As the UK Jewish Film Festival rolls into Yorkshire, Film Critic Tony Earnshaw talks to filmmakers and programmers about how movies can build bridges and preach tolerance.
Gur Bentwich admits he was so nervous about screening his documentary to his family that he deliberately avoided inviting certain relatives.
His droll documentary, The Bentwich Syndrome, takes pot-shots at his grandiose great-grandfather, Herbert, who left his homeland for a new life in England and, along the way, reinvented himself and his children.
Herbert was a 19th century lawyer who created a mighty dynasty with aristocratic pretensions. His single-minded pursuit of status has led to many using him as an example of how not to get on in life and business. Great-grandson Gur approached that outrageous determination with a detective’s nose for the truth.
“We have in the family this weird thing; some of the family want to hide some of the stories so they don’t get out. But it was a hundred years ago. I got a bit of criticism – that some of my ancient ancestors didn’t get the respect they deserved (and that) the film is being a bit disrespectful.
“Other people like to see people laughing at their families. It’s a problem with your family when you’re laughing that might get tricky. I was a bit worried when we had the first screenings in Israel. I actually didn’t invite some of the crazier uncles on purpose but they came along anyway without being invited, which made me even more worried.”
Unravelling his family history gave Bentwich an opportunity to consider exactly why Herbert and his long-dead scions sought to improve themselves in their own eyes and the eyes of others. He started his journey cynically. At road’s end he felt much warmer to Herbert. “I would say that it’s much more of an immigrant trait – Jews being very much into immigration – to create this make-believe nobility from nowhere. It’s handier when you’re an immigrant.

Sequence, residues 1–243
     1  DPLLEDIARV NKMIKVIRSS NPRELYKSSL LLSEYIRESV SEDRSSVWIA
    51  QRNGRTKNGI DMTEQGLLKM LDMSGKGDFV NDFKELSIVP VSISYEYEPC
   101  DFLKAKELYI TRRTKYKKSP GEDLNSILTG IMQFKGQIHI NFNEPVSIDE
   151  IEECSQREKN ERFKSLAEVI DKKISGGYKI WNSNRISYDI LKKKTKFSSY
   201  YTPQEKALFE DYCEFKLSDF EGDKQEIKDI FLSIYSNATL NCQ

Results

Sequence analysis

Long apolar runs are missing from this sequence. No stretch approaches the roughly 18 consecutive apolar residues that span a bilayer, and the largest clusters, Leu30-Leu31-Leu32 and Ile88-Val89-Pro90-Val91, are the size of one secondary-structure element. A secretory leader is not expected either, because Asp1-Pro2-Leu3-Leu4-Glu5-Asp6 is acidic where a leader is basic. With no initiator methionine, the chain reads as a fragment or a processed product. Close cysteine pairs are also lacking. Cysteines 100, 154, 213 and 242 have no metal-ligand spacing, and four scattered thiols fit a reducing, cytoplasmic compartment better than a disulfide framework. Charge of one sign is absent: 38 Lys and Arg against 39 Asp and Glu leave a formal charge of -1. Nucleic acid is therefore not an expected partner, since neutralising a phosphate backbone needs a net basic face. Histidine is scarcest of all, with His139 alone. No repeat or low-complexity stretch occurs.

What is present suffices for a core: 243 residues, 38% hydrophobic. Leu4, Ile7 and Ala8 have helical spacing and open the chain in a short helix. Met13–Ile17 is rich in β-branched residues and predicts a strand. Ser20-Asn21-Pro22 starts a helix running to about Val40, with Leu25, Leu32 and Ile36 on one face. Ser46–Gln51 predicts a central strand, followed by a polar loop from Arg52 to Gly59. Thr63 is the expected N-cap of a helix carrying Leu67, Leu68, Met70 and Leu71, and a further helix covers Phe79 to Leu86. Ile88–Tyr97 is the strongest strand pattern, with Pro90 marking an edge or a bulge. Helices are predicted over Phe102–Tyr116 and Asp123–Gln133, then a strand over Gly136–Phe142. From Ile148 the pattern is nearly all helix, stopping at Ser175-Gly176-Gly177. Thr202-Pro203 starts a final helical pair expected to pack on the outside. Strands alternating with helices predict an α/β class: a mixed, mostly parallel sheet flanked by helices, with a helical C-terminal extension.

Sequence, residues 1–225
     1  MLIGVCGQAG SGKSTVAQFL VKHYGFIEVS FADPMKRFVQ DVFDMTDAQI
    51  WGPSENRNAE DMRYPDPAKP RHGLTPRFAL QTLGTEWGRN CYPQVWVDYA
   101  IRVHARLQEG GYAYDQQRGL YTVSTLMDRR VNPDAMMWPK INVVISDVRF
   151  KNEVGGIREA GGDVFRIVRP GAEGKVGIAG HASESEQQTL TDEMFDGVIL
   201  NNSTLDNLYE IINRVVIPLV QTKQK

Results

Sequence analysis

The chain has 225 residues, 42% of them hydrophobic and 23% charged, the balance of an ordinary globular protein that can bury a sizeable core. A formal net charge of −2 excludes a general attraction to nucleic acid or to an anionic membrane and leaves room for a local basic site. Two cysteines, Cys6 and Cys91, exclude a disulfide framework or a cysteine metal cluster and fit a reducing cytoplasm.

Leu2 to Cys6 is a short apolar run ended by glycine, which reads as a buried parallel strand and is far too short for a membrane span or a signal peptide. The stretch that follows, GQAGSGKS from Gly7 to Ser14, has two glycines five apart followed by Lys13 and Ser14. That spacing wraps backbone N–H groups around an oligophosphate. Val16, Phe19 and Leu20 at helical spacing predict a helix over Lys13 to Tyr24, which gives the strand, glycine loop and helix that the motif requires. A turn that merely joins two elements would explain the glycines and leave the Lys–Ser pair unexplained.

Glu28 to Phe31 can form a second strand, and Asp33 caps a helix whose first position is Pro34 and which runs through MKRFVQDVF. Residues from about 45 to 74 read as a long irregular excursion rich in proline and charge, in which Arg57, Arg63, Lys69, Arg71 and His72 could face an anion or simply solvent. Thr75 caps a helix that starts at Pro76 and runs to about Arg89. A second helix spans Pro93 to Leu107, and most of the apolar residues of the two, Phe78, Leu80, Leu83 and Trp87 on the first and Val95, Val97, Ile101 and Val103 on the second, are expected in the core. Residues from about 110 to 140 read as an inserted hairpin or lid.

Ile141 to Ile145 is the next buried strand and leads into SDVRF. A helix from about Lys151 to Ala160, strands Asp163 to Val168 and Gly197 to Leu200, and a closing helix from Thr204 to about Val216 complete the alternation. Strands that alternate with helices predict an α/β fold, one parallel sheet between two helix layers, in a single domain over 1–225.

“If you’re a working-class Englishman you probably wouldn’t tend to make up this story about being nobility. You’re probably relaxed with the spot that you’re brought into.
“I think immigrants do tend to do it more and Jews do tend to have this idea in their minds that they have to be something and make a change. Or maybe it’s just my family. Is it a Jewish trait or is it universal?”
The festival aims to share its programme with Jewish and non-Jewish audiences.
The cross-section of films on offer, says festival director Michael Etherton, is crucial. What’s more, most won’t be distributed widely so touring them under the festival banner is often the only way they will be seen on the big screen.
Etherton is also keen to use cinema to break down barriers and prejudice. Just six years ago Ken Loach was at the forefront of a campaign to force the Edinburgh International Film Festival to hand back a £300 grant from the Israeli embassy in London to cover the travel expenses of director Tali Shalom Ezer, director of the short film Surrogate, which was playing in the festival.
The festival eventually bowed to pressure – the Scottish Palestine Solidarity Campaign led the protest with Loach urging people to boycott the event “and show their support for the Palestinian nation” – and gave the money back.
It’s uncomfortable rows like that, which send ripples through the film community as people dig in to defend their own personal standpoint. Etherton acknowledges it, but says the touring programme showcasing some of the best of contemporary Israeli cinema can have a positive impact.
“Around 35 per cent of our films are from Israel,” he says. “We show a huge range of views – political and otherwise – from filmmakers in Israel.